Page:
Every day, thousands of huge cargo ships criss-cross oceans delivering products to markets all over the globe. But that’s not the only thing these vessels bring to port: they also emit sulfuric gases and fine particles that settle over cities as smog. In order to combat all this toxicity, a couple of years ago the United Nations passed a resolution to reduce the amount of sulfur content in maritime fuels. According to the guidelines, by 2020 shippers must switch to fuels that contain less than 0.5 percent of sulfur, as opposed to the current standards which allow for sulfur content of 3.5 percent.
Although the world’s largest ports and shipping terminals have agreed to these terms, the transport companies who own the ships have been slow to make changes. In fact, shippers have been so reluctant to switch to low-sulfur fuels that experts expect few of these firms will be in line with the new rules by the start of 2020. Along with the high costs associated with making the change, industry insiders say that transport companies are questioning how the UN will be able to enforce these rules. As a result, many shipping firms are waiting until the last minute to find out if the guidelines have any meaning. “It comes down to who is going to blink first,” said oil analyst Neil Beveridge. “So far, the shipping industry looks like it is sleepwalking into a disaster. Everyone is waiting for everyone else to make the first move.”
Shipping companies currently have three costly options available to them if they want to get in line with the UN’s rules. The first one is to switch to low-sulfur fuel, which can cost $250 per ton more than fuel with high sulfur content. This can lead to increased costs as high as $3 million per vessel. The second option is to install similarly expensive “scrubbers” into fuel tanks that remove exhaust and other pollutants. Finally, maritime transport firms could also move away from petroleum entirely and convert their vessels to run on cleaner liquified natural gas. That’s what many cruise ships have opted for, although they represent just a fraction of the global shipping industry. Not only are most shippers wary of the added costs, but they’re also afraid that emissions regulations will change again in the future. In that case, it’s possible that the expensive measures they take now will be obsolete according to the potentially revised rules.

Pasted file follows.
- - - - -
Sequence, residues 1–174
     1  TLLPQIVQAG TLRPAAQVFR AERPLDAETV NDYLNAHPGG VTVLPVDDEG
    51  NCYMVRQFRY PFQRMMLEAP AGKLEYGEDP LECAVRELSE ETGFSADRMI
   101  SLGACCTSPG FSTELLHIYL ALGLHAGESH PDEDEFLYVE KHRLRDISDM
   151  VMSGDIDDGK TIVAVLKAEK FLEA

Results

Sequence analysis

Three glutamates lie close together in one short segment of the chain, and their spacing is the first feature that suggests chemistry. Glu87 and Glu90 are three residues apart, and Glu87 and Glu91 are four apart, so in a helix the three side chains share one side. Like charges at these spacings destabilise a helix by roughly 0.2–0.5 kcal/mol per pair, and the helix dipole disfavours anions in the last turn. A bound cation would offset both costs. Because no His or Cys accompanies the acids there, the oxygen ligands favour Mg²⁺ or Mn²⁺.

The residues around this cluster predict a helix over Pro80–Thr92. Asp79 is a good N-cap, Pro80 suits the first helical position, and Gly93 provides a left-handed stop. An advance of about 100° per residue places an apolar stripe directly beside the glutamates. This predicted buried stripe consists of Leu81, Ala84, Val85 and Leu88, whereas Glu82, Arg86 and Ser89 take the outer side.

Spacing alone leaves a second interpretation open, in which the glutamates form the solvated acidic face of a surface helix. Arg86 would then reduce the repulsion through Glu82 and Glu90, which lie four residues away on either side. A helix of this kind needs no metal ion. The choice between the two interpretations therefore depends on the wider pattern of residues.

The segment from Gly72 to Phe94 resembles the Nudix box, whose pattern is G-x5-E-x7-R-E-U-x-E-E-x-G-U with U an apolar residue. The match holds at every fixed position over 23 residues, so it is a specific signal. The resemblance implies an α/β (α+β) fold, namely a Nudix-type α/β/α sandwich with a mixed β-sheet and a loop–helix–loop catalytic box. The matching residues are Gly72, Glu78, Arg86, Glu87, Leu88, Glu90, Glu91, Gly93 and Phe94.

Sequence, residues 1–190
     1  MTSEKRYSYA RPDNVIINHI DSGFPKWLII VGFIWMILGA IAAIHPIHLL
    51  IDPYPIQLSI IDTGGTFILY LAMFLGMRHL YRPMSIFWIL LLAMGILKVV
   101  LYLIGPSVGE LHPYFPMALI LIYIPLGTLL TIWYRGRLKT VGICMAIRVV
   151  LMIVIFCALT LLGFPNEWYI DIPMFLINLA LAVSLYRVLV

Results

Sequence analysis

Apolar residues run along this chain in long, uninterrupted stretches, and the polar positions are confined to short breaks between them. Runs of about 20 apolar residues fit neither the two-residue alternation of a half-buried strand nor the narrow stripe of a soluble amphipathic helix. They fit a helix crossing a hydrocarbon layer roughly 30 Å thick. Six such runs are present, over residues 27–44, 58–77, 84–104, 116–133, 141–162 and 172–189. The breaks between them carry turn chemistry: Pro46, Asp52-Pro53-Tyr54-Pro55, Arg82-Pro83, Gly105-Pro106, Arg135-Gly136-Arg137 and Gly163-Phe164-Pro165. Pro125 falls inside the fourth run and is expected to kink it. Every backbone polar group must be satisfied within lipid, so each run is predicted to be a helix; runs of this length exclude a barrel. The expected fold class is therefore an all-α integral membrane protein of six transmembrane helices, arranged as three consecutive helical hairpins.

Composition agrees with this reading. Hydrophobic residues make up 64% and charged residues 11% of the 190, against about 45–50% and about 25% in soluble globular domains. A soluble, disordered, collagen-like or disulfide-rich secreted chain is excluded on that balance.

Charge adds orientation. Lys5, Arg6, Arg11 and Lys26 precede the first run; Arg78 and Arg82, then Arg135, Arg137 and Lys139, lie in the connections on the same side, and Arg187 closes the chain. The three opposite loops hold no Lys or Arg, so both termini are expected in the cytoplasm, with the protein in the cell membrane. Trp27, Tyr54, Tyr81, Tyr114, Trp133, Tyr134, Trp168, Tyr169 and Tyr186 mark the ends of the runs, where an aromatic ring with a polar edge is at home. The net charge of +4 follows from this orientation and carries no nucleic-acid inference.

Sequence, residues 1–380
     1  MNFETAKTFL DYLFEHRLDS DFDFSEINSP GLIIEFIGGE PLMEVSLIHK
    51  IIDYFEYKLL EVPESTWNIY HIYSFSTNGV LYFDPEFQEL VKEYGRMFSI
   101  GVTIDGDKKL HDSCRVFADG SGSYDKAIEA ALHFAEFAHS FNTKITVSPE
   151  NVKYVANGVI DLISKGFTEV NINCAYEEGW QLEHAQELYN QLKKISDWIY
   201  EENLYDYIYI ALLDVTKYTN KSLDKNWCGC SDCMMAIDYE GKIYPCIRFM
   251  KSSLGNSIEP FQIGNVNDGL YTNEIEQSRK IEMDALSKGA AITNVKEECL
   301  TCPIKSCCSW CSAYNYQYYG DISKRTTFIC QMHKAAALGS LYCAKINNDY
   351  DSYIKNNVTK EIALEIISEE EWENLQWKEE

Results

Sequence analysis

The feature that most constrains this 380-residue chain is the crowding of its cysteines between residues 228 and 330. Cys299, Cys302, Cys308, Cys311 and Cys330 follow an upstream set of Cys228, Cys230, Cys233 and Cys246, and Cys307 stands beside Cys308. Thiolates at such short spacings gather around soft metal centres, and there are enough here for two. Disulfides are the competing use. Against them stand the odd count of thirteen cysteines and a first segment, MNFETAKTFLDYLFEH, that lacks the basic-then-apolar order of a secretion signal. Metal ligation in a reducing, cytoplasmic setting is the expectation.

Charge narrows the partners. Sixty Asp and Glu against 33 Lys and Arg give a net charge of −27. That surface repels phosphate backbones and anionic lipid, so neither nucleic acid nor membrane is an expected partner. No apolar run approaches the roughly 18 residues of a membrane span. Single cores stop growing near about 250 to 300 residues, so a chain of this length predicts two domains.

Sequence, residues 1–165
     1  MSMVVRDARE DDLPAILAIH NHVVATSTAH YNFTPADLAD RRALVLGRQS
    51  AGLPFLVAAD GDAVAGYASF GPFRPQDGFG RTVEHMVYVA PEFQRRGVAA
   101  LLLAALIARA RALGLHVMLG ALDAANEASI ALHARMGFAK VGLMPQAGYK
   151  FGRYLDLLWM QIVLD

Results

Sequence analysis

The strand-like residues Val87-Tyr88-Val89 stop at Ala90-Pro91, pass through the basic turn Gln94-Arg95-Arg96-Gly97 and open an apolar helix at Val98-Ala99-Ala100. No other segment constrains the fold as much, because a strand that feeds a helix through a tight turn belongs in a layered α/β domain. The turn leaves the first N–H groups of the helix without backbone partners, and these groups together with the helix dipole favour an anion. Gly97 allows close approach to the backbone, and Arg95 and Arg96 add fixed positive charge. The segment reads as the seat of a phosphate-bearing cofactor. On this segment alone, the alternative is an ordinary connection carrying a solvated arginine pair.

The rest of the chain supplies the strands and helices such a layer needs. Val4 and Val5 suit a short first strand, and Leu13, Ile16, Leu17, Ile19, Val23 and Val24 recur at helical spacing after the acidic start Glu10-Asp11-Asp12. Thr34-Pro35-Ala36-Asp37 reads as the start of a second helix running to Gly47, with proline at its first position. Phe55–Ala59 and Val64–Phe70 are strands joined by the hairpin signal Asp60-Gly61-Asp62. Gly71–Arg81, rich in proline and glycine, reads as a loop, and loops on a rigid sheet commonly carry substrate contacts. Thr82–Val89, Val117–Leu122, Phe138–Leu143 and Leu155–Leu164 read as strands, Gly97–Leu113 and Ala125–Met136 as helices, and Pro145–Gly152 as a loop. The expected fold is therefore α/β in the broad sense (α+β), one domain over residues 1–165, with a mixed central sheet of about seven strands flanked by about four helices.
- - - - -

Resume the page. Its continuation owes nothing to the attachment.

- Why are many shipping companies reluctant to adapt to the United Nations’ new fuel restrictions?
- Do you think shipping companies should start getting in line with the UN’s rules or should they continue to wait and see what happens across the industry?